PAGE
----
"Many advanced oxidation technologies have been developed to remove ammonia in wastewater. All these technologies have one common characteristic, that is, the removal processes involve OH radical (*OH). In this research work, H2O2 was selected as *OH precursor. The removal of ammonia under 253.7 nm irradiation from low-pressure mercury lamp in the presence of H2O2 was studied to investigate the ammonia removal efficiency by *OH. Results show that the *OH, generated by H2O2 photolysis, could oxidize NH3 to NO2- and further to NO3-. Removal efficiencies of ammonia were low and were affected by initial pH value and ammonia concentration. Laser flash photolysis technique with transient absorption spectra of nanosecond was used to investigate the oxidation pathway and kinetics of ammonia oxidation by *OH. Results illustrate that *OH could oxidize NH3 to form *NH2 with a second-order rate constant of (1.0 +/- 0.1) x 10(8) M(-1) s(-1) (20 degrees C). *NH2, the main product of *OH with NH3, would further react with H2O2 to yield *NHOH. Since *NHOH could not stay stable in solution, it would rapidly convert to NH2O2- and consequently NO2- and NO3-. The rate constants for these elementary reactions were also given. The low removal efficiency of ammonia by *OH was mainly due to the slow reaction rate constant"


[Edited on 28-8-2016 by AJKOER]
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[*] posted on 6-9-2016 at 16:32

I have performed many copper/ammonia electrolysis experiments and my experience is as follows;
the electrolysis of ammonium sulphate with 2 copper electrodes produces only copper hydroxide (and a slight smell of ammonia when conducted at higher temperatures than 0c).

this is easily explained by the equilibrium between copper and ammonia where complexes only form when ammonia is in excess.

a mixture of salts cannot contain a large excess of NH3 under these conditions, because there is by default an excess of anion for every NH3 which might leave as a gas (albeit a very soluble one).
Le chateliers principle is at play here.
the continued electrolysis at STP will slowly loose NH3 to the atmosphere.
the solution will in fact become acidic fairly rapidly.

it would require an excess of NH3 in solution to drive the reaction toward complex formation. i have tried this, but this does (without an additional base) also drive the reaction toward the formation of the copper hydroxide BECAUSE: the complex absorbs most of the base (NH3).
thus formation of complex, whilst plausible, produces more copper hydroxide, but reducing the concentration of FREE BASE.

the result is that an acidic solution would be formed but the complex is unstable in acid, and if say there is only a very LOW concentration of a base such as NaOH, then we form copper hydroxide, ammonium sulphate remains largely catalytic except for losses as gas at higher temperature.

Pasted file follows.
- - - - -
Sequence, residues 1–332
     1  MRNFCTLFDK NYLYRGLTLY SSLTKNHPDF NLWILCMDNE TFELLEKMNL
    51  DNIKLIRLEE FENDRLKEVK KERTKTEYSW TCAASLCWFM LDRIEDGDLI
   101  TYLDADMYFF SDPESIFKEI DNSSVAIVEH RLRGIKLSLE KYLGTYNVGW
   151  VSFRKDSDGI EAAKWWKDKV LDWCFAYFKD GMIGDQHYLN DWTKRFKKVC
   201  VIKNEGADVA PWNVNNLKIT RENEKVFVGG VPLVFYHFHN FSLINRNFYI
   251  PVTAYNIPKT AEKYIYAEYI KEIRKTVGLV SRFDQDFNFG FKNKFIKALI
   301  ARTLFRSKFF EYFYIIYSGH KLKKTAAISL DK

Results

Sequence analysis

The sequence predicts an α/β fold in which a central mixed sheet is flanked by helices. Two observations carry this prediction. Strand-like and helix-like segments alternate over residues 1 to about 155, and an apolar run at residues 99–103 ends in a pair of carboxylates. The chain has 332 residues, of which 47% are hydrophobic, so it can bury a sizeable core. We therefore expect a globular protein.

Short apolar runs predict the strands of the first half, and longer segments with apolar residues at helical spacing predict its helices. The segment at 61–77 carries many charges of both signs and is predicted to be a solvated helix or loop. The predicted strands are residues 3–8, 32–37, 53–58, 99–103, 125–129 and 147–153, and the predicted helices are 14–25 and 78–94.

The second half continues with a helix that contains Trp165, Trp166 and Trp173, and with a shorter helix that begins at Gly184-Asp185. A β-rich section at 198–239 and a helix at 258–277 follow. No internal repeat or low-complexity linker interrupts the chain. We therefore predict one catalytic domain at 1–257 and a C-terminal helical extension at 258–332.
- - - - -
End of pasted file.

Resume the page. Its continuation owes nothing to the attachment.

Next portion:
it is worth noting that oxidation of NH3 at electrodes, while a source for concern, it is under only strongly basic conditions where this occurs at any noticeable level. most conditions arrived at using just ammonium sulphate and copper are unlikely to produce basic conditions. oxidation of ammonia in electrolytic situations tend only to happen in basic conditions and poorly without catalysis (eg platinum electrodes) see the work of Gerardine Botte Ohio university and work with ammonia electrolysis fuel cell.
large scale electrooxidation of ammonia in neutral solutions is hard to achieve, trust me ive tried. this would only become a problem in strongly basic solutions.
it is worth being careful though because many metals are catalytic to ammonia elecrtooxidation including copper and nickel, but the issue here is control of equilibrium and pH.

edit; electrooxidation can occur with high concentrations of NH3/NH4OH but for the same reasons as above, in that it increases pH, but in this latter situation the concentration of NH3 in solution (is higher and) makes it more likely that electrooxidation of NH3 can occur at the electrode simply due to its higher concentration of NH3 at the electrode interaction between them being more probable.

(edit typo)
[Edited on 7-9-2016 by moominjuice]

(edit; regarding Cu(OH)2 in electrolysis)
copper hydroxide is only soluble in any significant way under the conditions of an excess of NH3, giving the soluble complex, this will not occur in near neutral conditions thus Cu(OH)2 wont be able to contribute OH- ions to the reaction without excess NH3.

[Edited on 7-9-2016 by moominjuice]

[Edited on 7-9-2016 by moominjuice]
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[*] posted on 7-9-2016 at 16:52

edit; i have removed this comment because it was just rude and i apologize for getting into a crappy mood and taking it out on someone else, my bad, im very sorry :(

[Edited on 8-9-2016 by moominjuice]